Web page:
Monday, November 8, 2010

Home Sweet Freezer

This is about half of my apartment's main living space. I wrote before that I was looking for places to move to. But the place has really started to grow on me. The neighborhood isn't fantastic, but it's better than I'd originally given it credit for. And the subway is just a couple minutes away. It will feel much better once I have some actual furniture in there. It faces away from the street, so it's quiet, yet the windows are big enough to let in a lot of natural light in the main room and bedroom. And besides, it is a one bedroom apartment in Manhattan for $1075, a price you couldn't get a studio for in Williamsburg, Brooklyn. That's cheap.

Now over the last week I've started to understand why it's so cheap.

In my month-to-month lease was strange rider. One of the clauses was that the tenant would be responsible for the costs of heating the place. When I called and asked about it, the landlord told me it was because each tenant had control over the heating system in their apartment, and therefore paid depending on how much they used. They said it would come out of the electrical bill.

I was dumb. I was also desperate, because I had only ten days to either sign back on with this place or find a new one, and finding a new one would be next to impossible because of my income. In New York City, almost all landlords expect documentation of annual income equal to or exceeding 30 times the rent to prove you can afford the place. Since my income is all as an independent contractor instead of a wage earning employee, that's almost impossible. Plus it was still hot enough in the apartment that I was spending most of my time in it wandering around shirtless. So I signed the lease and rider.

What should have occurred to me is that, if I was responsible for paying for heat, and that that heat came in through the electrical bill, then the three baseboard space heaters in my apartment just might be the only sources of heat in the place. As in the ones that we're pretty sure are fire hazards if you put anything near them.

It is now about forty degrees outside. When I wake up in the morning, my nose sometimes feels like it's an ice cube about to fall off my face. And it's only going to get colder. By at least another 20 degrees in January and February.

Since this unit was one my friend lived in before, I asked her how she managed. She said it was just by the baseboard heaters, and that it was still pretty cold. Not only that, but when she used the heaters only when she was at home, her electric bill in February went all the way up to $150.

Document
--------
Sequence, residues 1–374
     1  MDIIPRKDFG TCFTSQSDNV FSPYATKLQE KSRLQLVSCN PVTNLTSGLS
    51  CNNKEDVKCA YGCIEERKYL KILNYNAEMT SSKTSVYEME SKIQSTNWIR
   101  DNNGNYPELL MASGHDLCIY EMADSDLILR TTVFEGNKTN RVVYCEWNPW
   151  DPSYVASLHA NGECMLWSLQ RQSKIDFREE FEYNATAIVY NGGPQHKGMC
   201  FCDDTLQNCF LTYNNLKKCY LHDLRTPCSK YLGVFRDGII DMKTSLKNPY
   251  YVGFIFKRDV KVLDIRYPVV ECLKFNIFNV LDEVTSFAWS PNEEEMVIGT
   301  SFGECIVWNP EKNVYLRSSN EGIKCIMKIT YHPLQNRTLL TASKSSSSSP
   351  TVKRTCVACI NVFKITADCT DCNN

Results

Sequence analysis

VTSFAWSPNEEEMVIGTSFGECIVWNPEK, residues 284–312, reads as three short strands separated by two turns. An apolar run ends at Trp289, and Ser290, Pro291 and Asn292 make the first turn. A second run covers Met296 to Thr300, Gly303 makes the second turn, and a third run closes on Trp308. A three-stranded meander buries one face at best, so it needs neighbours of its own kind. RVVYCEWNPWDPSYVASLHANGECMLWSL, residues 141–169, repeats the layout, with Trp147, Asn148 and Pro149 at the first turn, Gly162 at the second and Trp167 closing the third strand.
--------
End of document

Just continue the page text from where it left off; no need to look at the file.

NY housing law mandates central heating systems in all apartments unless a permit is granted to allow an electric heating system. That appears to be what I have. But I looked on the Department of Buildings website and found that my building doesn't seem to have any permits. It also has a dozen or so violations that have all been dismissed by inspectors, no details available online except for one in 1995: it has the note"NO BOILER, ELECTRIC HEAT ONLY."

I haven't called the landlords to ask about it yet because I'm not sure what to tell them or ask them. They've been really nice so far... Anyway I'm not sure there's much they or I can do-- installing a central heating system would be quite an undertaking, I assume. But I'm going to be investigating. I don't feel like freezing this winter.


  1. The best way to get on your slumlord's good side is to not realize that you're getting a great deal to live in Manhattan and complain about things that can be solved by wearing layers. :)

  2. Plug in radiant heaters (they look like old fashioned radiators) rather than fan and baseboard types. You'll have to pay for them and the electric bill, but they are safer. Plug them into separate surge supressor. And yes wear layers.

  3. Agree about the radiant heaters. Probably available at your Target or Costco. They actually put out quite a bit of heat. When our central heat wasn't working they were big help. It may overload your electrical supply to add a heater so you should know if you have circuit breakers or fuses and where. The radiant heaters keep heat more even. Good luck. lv, anonymom

  4. Hey,

    I grew up in a room with no good heating source. A little tow around space heater is a good option. I assume you have a small bedroom, so it would probably keep it livable, and that way you only heat where you need it. I also spent a winter in a cold apartment and slept in a winter hat every night, its liking camping, its fun...